Originally posted at 3:45 p.m. May 8, 2014. Edited with new details.
A website made public today an audio recording it says is of Los Angeles Clippers owner Donald Sterling denying he is racist and vowing not to buckle to demands to sell the team.
"You think I'm a racist?" an emotional Sterling asks in the audio obtained by the website Radar Online. "You think I have anything in the world but love for everybody?
"You don't think that," Sterling says. "You know I'm not a racist."
Radar Online officials said the recording was made by an unidentified Sterling friend who provided an affidavit confirming the voice on the recording was Sterling's.
The recording continued: "I mean, how could you think I'm a racist knowing me all these years? How can you be in this business and be a racist? Do you think I tell the coach to get white players, or to get the best player he can get?"
Sterling said growing up in Boyle Heights made him aware of the need for racial tolerance.
"I grew up in East L.A.," he said. "I was president of the high school there. I mean, I'm a Jew. And 50 percent of the people there were black and 40 percent were Hispanic. So, I mean, people must have a good feeling for me."
Sterling has been under fire since April 26, when the website TMZ released a recording in which he chastises associate V. Stiviano for an Instagram photo of her with Dodgers star Matt Kemp and Dodgers part-owner Earvin "Magic" Johnson. He told her not to bring black people to "my games."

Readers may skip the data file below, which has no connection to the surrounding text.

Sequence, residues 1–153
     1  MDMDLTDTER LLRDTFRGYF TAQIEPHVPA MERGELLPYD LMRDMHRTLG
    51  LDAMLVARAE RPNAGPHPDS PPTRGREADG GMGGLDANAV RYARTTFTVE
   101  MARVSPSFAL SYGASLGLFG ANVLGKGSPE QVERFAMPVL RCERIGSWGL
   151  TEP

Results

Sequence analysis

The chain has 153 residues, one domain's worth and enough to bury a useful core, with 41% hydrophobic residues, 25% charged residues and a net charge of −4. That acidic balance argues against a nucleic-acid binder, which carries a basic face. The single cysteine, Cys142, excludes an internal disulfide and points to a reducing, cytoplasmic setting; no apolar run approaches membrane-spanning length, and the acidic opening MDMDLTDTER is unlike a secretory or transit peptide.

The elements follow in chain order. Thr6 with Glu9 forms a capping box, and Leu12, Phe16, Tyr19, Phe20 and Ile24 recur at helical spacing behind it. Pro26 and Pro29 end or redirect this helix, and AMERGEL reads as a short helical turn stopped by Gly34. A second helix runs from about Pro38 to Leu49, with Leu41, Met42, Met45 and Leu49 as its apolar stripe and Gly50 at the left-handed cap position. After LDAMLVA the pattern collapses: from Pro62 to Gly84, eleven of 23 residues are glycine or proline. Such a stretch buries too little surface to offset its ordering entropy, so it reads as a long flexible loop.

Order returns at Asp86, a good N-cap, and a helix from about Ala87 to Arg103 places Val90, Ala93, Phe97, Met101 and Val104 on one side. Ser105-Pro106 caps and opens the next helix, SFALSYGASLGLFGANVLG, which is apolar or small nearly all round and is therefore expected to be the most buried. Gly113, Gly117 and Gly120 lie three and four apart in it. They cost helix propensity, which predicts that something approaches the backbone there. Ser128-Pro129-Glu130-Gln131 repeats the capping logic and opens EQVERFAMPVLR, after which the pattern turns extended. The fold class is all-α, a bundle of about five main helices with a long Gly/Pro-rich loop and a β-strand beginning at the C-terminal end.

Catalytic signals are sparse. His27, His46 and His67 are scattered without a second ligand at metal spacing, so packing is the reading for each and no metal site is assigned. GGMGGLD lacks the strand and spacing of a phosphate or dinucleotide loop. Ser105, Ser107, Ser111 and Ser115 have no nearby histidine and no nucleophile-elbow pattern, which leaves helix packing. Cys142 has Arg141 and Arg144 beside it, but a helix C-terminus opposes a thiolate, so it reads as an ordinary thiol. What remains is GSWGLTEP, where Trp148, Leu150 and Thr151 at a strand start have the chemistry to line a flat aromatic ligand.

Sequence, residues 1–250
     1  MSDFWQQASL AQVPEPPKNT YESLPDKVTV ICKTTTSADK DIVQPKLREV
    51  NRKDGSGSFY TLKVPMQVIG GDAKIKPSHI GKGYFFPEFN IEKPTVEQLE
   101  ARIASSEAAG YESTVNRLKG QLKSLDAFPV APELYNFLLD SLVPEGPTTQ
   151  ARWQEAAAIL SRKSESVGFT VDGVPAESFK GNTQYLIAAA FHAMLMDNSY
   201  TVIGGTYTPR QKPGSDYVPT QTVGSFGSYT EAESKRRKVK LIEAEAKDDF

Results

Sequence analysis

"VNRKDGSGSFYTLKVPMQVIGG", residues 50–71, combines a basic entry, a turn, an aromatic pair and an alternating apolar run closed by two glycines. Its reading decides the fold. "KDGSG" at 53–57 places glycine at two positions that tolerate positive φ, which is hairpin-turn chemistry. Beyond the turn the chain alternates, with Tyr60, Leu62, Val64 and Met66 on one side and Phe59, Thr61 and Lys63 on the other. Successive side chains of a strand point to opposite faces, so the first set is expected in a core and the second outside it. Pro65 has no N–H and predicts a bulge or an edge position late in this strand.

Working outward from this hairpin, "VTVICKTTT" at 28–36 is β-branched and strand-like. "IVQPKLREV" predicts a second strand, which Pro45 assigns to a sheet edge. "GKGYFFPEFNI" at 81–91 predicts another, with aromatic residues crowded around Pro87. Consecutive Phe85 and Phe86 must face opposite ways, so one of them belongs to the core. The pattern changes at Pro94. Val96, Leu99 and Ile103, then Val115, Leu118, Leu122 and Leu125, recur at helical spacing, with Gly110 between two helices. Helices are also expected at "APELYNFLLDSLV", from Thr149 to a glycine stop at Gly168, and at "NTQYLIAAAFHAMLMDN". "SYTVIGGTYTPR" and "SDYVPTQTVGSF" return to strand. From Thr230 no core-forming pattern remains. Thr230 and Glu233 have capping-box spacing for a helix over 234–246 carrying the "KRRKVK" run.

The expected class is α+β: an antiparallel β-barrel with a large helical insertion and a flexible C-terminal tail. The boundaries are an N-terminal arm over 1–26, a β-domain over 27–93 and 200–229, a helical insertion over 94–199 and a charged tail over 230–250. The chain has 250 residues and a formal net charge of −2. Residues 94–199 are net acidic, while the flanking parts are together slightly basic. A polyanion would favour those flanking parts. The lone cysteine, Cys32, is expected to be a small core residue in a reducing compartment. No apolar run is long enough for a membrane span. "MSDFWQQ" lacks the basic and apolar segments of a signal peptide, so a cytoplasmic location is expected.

"It bothers me a lot that you want to broadcast that you're associating with black people," the 80-year-old billionaire told Stiviano.
National Basketball Association Commissioner Adam Silver responded on April 29 by banning Sterling from the NBA for life, barring him from having any association with the team and fining him an league-maximum $2.5 million.
Silver urged the NBA's Board of Governors to "exercise its authority to force a sale of the team and will do everything in my power to ensure that that happens." Silver said he was confident he would have sufficient support among the other league owners to force a sale.
Sterling insisted in the Radar Online audio that he will not give up the Clippers without an extended legal fight.
"You can't force someone to sell property in America," he says. "I'm a lawyer, that's my opinion."
Sterling bought the Clippers in 1981 for about $12 million and moved them to Los Angeles from San Diego. The franchise recently was valued at between $575 million and $700 million.
Sterling's estranged wife, Clippers co-owner Shelly Sterling, said she believes she legally is entitled to maintain ownership of the team and will attempt to do so even as the NBA pushes to remove her husband from the team.
Shelly Sterling described her long tenure as a "die-hard" fan of the Clippers and said she believes the sanctions against Donald Sterling do not apply to "me or my family," the Los Angeles Times reported.
Shelly Sterling's position presents a "wild card" for the NBA as it faces its biggest crisis in memory, a league official who declined to be identified said.
--City News Service